**From:** Ashley Thomas (*Ashley.A.Thomas@dartmouth.edu*)

**Date:** Mon Sep 12 2005 - 14:55:48 MDT

**Next message:**Ben Goertzel: "RE: Non-black non-ravens etc."**Previous message:**Richard Loosemore: "Re: Complex computer programs"**In reply to:**Eliezer S. Yudkowsky: "Re: Hempel's Paradox"**Next in thread:**Eliezer S. Yudkowsky: "Re: Hempel's Paradox"**Messages sorted by:**[ date ] [ thread ] [ subject ] [ author ] [ attachment ]

If you test a hypothesis in a way which *could* falsify it, and *fail*

to falsify it, then your confidence in the hypothesis should increase.

The amount by which your confidence should increase should depend on

how likely it was that you would falsify your hypothesis.

Suppose we have a bag full of objects, which can be ravens or

not-ravens, and black or not-black. We can reach into the bag with

manipulators which can select an object based on whether it's a raven

or not, or whether it's black or not, but not both.

We hypothesize that all ravens in the bag are black. We can falsify

this hypothesis by finding a not-black raven. There are two possible

experiments we can perform: we can pull out a raven and see if it's

not-black, or we can pull out a not-black object and see if it's a

raven. Without knowing the relative numbers of ravens to not-black

objects, these two searches have an equal chance of finding a not-black

raven. Every time we fail to falsify our hypothesis, our confidence in

the hypothesis increases. If we find a black object when searching

through ravens, our confidence increases because we have failed to

falsify the hypothesis. If we find a not-raven when searching through

not-black objects, our confidence increases because we have failed to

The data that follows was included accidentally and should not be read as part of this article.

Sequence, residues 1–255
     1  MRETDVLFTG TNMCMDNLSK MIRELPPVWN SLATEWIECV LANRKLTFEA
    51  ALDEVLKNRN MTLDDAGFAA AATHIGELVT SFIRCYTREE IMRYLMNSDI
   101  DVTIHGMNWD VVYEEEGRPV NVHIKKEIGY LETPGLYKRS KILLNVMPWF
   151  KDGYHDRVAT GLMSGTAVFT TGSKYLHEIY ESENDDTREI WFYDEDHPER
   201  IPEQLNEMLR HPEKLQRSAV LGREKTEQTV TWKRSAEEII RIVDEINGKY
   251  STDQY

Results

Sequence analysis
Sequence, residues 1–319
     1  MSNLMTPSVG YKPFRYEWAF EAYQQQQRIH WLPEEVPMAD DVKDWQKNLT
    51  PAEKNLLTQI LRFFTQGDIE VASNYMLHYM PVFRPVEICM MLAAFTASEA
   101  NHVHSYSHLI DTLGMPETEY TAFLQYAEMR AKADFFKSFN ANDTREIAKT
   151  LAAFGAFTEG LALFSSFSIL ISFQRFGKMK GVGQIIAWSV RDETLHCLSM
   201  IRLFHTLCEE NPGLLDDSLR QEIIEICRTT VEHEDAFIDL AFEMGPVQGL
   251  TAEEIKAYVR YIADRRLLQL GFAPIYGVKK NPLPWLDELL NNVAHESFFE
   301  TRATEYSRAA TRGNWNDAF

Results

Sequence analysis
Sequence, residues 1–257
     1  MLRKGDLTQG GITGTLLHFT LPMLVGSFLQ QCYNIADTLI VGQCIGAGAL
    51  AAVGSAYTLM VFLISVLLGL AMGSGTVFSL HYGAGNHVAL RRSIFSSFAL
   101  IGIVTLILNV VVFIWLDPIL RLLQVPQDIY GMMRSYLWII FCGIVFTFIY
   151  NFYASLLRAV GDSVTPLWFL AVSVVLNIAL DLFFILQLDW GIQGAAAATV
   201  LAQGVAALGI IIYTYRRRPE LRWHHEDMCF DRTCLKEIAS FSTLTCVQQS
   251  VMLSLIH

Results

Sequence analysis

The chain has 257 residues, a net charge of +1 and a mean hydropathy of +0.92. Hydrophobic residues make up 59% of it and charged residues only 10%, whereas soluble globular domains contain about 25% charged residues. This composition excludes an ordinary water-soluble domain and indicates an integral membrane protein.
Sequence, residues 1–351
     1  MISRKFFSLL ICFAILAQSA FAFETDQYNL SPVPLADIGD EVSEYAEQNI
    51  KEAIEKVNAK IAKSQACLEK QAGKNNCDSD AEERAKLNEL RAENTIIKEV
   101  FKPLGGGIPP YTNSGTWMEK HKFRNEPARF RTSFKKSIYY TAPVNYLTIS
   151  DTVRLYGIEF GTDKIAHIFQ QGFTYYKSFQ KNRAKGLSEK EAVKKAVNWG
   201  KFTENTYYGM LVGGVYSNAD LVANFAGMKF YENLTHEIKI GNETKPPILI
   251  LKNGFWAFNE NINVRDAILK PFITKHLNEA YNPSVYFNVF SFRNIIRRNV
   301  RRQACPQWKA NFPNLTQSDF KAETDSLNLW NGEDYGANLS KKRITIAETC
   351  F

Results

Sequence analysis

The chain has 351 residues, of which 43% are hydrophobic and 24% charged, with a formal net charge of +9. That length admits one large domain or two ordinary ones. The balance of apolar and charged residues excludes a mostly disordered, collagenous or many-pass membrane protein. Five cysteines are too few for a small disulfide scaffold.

falsify the hypothesis.

How much our confidence increases for either of the two searches

depends on how many of the objects we thought were ravens, and how many

of the objects we thought were not-black. If we think that there are

many fewer objects which are ravens than objects which are not-black,

then our confidence will increase faster by searching through the

ravens (alternate pov: the same number of searches gets us closer to an

exhaustive search faster checking the few ravens than checking the many

not-black objects), but our confidence will still increase a smaller

amount searching through the not-black objects. Even a single result of

a not-raven found when searching the not-black objects (even a purple

goose) increases our confidence, because we tested the hypothesis in a

way which could have falsified it, but got a result which didn't.

If the number of not-black objects in the bag goes to infinity while

the number of ravens in the bag stays finite, then the amount our

confidence in our hypothesis should increase goes to zero when

searching not-black objects for a raven, because it becomes

increasingly unlikely that we'll be able to falsify our hypothesis by

finding one of the finite number of ravens among the infinite number of

not-black objects.

Ashley "ASE" Thomas

**Next message:**Ben Goertzel: "RE: Non-black non-ravens etc."**Previous message:**Richard Loosemore: "Re: Complex computer programs"**In reply to:**Eliezer S. Yudkowsky: "Re: Hempel's Paradox"**Next in thread:**Eliezer S. Yudkowsky: "Re: Hempel's Paradox"**Messages sorted by:**[ date ] [ thread ] [ subject ] [ author ] [ attachment ]

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